Leonard Nimoy's work as the Vulcan Mr. Spock on "Star Trek" and his numerous other film and TV projects on both sides of the camera provided a comfortable West Coast lifestyle for his baby boom family.
But the younger Nimoy said the time-consuming work also deprived him of the steady presence of his father, and when they did share time together, he quickly learned that he had to share his dad with the rest of America.
Given the loyal and obsessive reputation of "Trekkies," Adam could be forgiven for looking at them as his father's other family.
"There were times I thought he gave more time and attention to his fan base," said Adam Nimoy, who has written about that experience and of his adult life in a self-proclaimed "anti-memoir," titled "My Incredibly Wonderful, Miserable Life: An Anti-Memoir" (Pocket).
He'll discuss the book Sunday, Sept. 28 at the West Hollywood Book Fair in West Hollywood Park as part of a panel on overcoming addiction. Both Nimoys have openly discussed their struggles with alcohol and, in Adam's case, marijuana, which he began smoking as a teenager and used regularly through adulthood before entering a recovery program almost five years ago.
The ambiguity of the book's title stems from the fact that Adam Nimoy would be seen by many as blessed in having a successful, famous father and an entrée into Hollywood life that later opened doors for his own directing career.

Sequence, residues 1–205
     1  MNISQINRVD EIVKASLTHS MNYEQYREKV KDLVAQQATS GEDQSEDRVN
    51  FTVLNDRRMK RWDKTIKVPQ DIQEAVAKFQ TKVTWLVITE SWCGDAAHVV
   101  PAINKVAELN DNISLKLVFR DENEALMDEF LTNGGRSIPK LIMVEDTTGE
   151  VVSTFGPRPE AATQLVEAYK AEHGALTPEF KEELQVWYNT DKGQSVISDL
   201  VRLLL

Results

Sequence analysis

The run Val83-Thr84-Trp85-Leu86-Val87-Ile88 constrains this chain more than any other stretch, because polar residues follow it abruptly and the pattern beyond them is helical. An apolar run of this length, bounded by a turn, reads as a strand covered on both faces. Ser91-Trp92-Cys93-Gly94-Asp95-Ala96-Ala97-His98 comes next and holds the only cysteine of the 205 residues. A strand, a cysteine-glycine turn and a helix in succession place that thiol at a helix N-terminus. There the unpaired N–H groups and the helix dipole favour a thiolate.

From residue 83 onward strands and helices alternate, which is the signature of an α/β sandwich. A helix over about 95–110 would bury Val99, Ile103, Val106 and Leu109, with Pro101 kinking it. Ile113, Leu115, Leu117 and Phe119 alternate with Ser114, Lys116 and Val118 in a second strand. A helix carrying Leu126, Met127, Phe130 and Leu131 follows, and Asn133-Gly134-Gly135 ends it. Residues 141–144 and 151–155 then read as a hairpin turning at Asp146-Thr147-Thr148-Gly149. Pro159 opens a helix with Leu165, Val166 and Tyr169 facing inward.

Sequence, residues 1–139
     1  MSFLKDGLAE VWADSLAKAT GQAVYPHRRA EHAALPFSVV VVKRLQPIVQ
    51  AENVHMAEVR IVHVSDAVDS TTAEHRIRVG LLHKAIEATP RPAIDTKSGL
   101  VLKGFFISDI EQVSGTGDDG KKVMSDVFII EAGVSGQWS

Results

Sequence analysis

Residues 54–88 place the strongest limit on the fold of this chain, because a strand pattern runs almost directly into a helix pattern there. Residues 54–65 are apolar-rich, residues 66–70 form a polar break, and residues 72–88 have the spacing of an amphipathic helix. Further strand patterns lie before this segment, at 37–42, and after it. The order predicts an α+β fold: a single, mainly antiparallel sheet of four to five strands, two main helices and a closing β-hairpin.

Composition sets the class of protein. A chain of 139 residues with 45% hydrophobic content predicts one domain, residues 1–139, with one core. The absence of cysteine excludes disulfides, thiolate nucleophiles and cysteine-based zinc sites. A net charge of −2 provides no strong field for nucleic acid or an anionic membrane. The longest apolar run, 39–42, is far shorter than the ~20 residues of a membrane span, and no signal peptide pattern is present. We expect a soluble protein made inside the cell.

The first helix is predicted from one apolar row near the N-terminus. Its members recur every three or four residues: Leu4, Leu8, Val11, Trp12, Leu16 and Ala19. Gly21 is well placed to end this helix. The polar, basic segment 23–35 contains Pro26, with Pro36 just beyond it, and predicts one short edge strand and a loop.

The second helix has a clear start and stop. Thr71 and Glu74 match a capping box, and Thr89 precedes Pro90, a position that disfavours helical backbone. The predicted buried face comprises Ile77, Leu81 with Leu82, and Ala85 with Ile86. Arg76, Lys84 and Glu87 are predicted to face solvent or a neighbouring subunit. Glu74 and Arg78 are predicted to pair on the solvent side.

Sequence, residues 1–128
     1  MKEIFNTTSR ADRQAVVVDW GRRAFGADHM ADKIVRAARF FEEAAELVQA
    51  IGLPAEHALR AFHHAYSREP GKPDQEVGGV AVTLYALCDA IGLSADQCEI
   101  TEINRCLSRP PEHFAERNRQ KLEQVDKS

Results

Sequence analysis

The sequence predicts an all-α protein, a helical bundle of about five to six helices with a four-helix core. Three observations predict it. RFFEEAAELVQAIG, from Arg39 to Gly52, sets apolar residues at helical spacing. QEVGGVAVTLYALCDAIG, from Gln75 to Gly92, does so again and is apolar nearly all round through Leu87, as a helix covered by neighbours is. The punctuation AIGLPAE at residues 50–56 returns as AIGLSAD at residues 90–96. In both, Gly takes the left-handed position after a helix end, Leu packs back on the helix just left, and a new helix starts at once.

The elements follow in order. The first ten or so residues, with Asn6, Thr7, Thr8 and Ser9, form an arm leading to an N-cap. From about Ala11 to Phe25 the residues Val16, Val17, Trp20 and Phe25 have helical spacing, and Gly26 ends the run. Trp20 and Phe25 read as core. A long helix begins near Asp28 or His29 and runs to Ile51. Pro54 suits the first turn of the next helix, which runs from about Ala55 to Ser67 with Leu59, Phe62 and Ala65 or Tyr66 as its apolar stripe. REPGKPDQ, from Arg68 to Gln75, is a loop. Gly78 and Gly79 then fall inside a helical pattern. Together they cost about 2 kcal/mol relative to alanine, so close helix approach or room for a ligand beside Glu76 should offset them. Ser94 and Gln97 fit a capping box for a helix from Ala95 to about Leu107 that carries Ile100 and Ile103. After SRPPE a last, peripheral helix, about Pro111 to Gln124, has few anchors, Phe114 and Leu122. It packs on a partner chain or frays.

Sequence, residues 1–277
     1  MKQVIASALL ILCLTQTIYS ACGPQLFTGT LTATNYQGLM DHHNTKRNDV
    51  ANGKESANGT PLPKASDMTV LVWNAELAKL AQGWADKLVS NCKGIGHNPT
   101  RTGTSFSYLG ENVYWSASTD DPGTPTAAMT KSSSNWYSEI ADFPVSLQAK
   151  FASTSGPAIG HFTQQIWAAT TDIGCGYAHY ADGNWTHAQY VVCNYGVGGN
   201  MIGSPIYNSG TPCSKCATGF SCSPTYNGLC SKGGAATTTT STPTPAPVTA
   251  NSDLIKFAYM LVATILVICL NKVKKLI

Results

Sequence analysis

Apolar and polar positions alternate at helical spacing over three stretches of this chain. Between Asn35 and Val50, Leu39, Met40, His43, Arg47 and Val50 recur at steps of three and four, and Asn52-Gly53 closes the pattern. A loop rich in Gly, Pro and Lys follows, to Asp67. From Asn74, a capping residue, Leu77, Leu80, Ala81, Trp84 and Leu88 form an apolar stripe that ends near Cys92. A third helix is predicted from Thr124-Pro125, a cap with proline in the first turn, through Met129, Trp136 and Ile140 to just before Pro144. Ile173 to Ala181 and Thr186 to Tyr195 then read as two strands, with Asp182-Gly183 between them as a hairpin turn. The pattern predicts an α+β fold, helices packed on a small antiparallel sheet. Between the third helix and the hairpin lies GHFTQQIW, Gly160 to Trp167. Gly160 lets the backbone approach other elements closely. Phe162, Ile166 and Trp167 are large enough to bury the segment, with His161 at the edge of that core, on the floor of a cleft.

But the younger Nimoy describes a father who, like the stoic but dependable starship officer he portrayed, was often distant, putting the greater good of sustaining his family ahead of seemingly extraneous bonding and warmth.
"There's a lot of Spock in Leonard, no doubt about that," Adam Nimoy, 52, said in a recent interview in New York.
Leonard Nimoy grew up in the '30s and '40s in a Russian Jewish immigrant family in Boston, the son of a barber and a homemaker for whom Hollywood and its trappings seemed as distant as another planet.
"He's not unlike a lot of Depression-era people, obsessed with generating income," Adam Nimoy said. "I have friends who have dads cut from the exact same cloth."
The difference: "If I have a conflict with him, I have to go back out on the street and deal with a public that adores him."
The book is not, however, the tell-all memoir about "Life With Spock" that publishers and agents wanted him to write.
Rather, it's a glimpse of how Adam Nimoy grew up with a famous name, inherited his father's alcohol problem, met lots of interesting and famous people, and dabbled in law before becoming a successful TV director and starting a family, only to see his life come crashing down.
Leonard doesn't escape some lumps, but neither does he absorb the brunt of the blasts. Adam takes responsibility for many of the failings of his life, including the end of his directing career because of on-set volatility he attributes mainly to his addictions. The deterioration of his marriage is harder to track from the details in the book, but the younger Nimoy makes clear that his wife and two teenagers urged him to reconcile, and that he persisted with the separation and divorce. The dust settled with both sides on good terms.